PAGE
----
Robert William Boyle

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Robert William Boyle
Robert William Boyle
BornOctober 2, 1883
DiedApril 18, 1955 (1955-04-19) (aged 71)
ResidenceCanada, United Kingdom
NationalityNewfoundlander, Canadian, British
Alma materMcGill University
Known forASDIC (Sonar)
AwardsRoyal Society of Canada
Flavelle Medal (1940)
Scientific career
FieldsPhysics, Radioactivity, Ultrasonics
InstitutionsUniversity of Manchester
University of Alberta
Board of Invention and Research
National Research Council of Canada
Doctoral advisorErnest Rutherford

Robert William Boyle (October 2, 1883 – April 18, 1955) was a physicist and one of the most important early pioneers in the development of sonar.

Boyle was born in 1883 at Carbonear in the Dominion of Newfoundland. Boyle left Newfoundland for Montreal, Quebec in Canada where he trained at McGill University under Nobel Prize winner Sir Ernest Rutherford, in the then fledgling field of radioactivity. He earned McGill's first Doctor of Philosophy in physics in 1909. He then moved to England to continue his work by following Rutherford to the University of Manchester.

In 1912 he returned to Canada at the request of Henry Marshall Tory to become head of the physics department at the University of Alberta, and shifted his research to ultrasonics.

Pioneers in the development and application of piezoelectric transducers for the goal of submarine detection (a) Paul Langevin, (b) Robert William Boyle, (c) Cross-sectional view of a form of quartz transducer designed by Boyle in 1917, as recorded in the BIR (Board of Invention and Research) document 38164/17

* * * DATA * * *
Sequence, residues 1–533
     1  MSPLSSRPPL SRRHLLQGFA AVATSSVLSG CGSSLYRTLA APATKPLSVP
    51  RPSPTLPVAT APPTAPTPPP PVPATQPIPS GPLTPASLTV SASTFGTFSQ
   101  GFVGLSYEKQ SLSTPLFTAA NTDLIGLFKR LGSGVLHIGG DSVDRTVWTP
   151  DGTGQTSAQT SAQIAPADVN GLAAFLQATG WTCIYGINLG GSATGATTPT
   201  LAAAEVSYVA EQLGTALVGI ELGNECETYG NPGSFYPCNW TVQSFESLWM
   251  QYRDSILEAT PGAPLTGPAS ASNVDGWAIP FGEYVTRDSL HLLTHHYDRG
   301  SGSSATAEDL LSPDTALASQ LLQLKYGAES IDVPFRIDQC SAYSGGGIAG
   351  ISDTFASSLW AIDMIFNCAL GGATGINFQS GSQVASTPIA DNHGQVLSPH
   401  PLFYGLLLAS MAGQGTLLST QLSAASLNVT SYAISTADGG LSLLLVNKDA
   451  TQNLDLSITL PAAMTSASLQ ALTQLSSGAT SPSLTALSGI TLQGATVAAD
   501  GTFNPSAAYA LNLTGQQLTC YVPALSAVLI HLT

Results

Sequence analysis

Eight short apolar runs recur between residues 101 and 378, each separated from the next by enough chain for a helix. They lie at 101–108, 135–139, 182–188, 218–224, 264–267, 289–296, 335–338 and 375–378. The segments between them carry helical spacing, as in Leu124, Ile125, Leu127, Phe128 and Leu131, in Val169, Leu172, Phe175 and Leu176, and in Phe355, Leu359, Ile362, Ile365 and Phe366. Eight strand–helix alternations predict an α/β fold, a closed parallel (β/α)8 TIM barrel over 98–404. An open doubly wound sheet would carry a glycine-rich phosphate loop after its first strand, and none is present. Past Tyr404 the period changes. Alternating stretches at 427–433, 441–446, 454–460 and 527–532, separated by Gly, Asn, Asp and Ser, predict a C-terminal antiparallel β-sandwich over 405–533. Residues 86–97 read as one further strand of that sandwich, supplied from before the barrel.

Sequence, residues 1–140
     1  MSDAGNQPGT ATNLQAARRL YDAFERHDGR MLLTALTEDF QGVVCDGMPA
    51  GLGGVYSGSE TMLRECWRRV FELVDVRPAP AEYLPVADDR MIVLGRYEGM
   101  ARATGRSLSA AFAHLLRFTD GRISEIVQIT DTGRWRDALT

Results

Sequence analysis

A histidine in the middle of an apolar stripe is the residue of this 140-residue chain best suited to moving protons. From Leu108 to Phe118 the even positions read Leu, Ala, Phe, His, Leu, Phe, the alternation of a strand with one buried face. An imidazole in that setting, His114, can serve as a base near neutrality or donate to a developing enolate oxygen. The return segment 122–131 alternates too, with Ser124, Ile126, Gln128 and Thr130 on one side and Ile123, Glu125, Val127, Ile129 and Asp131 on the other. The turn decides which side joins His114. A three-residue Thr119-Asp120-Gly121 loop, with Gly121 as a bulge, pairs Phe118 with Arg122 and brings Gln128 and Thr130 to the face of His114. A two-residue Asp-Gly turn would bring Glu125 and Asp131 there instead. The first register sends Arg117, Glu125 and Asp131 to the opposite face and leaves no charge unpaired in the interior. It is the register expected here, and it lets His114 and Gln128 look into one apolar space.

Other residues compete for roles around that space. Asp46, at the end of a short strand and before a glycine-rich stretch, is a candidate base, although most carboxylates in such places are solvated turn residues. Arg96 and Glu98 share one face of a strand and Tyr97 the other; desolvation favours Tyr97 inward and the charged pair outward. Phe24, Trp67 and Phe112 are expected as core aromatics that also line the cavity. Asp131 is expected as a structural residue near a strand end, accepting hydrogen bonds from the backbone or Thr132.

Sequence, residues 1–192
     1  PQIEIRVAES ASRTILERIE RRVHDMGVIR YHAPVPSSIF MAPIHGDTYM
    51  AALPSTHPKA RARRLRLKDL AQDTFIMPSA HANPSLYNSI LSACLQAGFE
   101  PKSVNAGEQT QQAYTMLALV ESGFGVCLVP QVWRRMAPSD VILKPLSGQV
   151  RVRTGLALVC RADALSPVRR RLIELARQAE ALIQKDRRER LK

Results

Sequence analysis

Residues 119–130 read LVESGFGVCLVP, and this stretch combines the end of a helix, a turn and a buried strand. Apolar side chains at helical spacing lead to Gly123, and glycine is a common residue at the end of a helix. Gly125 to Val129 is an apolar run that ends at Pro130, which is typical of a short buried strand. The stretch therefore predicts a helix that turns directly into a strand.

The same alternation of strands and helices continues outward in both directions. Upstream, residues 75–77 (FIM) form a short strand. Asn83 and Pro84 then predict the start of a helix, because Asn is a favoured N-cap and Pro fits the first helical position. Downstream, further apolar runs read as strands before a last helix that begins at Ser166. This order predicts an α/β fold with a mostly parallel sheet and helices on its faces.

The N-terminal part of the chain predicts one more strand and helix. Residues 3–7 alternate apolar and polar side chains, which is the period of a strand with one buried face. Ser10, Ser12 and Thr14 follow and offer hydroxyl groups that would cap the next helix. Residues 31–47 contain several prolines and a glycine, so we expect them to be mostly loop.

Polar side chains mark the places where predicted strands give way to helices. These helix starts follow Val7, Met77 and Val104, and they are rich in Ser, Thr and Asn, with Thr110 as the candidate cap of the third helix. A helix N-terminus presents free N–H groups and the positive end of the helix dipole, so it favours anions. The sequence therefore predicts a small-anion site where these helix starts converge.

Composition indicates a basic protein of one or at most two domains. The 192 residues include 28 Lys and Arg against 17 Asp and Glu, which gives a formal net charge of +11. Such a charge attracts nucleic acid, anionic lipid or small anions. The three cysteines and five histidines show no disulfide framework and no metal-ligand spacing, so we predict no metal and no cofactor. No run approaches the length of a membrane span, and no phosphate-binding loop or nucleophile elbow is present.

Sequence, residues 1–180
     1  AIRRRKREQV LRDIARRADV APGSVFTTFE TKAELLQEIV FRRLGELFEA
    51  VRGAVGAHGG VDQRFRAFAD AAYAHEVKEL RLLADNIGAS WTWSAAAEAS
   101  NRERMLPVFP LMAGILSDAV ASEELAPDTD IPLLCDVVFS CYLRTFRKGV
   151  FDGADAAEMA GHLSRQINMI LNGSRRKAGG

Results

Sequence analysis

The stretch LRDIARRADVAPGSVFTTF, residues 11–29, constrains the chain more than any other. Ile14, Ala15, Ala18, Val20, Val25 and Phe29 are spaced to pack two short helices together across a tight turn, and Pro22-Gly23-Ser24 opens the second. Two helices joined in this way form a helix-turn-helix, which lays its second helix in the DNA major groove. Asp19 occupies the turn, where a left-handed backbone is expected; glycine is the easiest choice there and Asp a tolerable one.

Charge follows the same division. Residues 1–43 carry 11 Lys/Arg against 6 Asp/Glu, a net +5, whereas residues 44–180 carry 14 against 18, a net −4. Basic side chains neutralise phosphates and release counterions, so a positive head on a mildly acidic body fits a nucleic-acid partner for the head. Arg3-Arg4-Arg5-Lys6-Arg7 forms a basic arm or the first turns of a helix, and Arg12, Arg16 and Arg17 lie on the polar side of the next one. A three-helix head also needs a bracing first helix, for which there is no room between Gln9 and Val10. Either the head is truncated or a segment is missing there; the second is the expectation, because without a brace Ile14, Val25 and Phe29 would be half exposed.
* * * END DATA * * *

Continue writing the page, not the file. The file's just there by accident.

During the First World War Boyle volunteered his expertise to the British Admiralty and, with the help of his old teacher Ernest Rutherford, he joined the Board of Inventions and Research and worked with British physicist Albert Beaumont Wood, a fellow student of Rutherford's.

Before 1917 the scientific teams from the Allied countries worked separately, however, after joining forces with French researchers, Boyle produced a working prototype of what the British called "ASDIC" (the first sonar).

Early versions of the technology were being installed on Royal Navy war ships just as the war came to an end.[1]

In 1919 Boyle returned to Alberta and shortly thereafter became dean of the Faculty of Applied Science, a position he held until 1929. That year he joined the National Research Council of Canada as the director of physics, where he supervised research into radar during the Second World War.

He continued to work at the National Research Council until his retirement in 1948, when he moved back to England.

He was elected to the Royal Society of Canada in 1921 and awarded the Flavelle Medal in 1940. He died in London, England, aged 71.


  1. ^ Michael A. Ainslie Principles of Sonar Performance Modelling, Springer, 2010 ISBN 3540876618, pages 10-12

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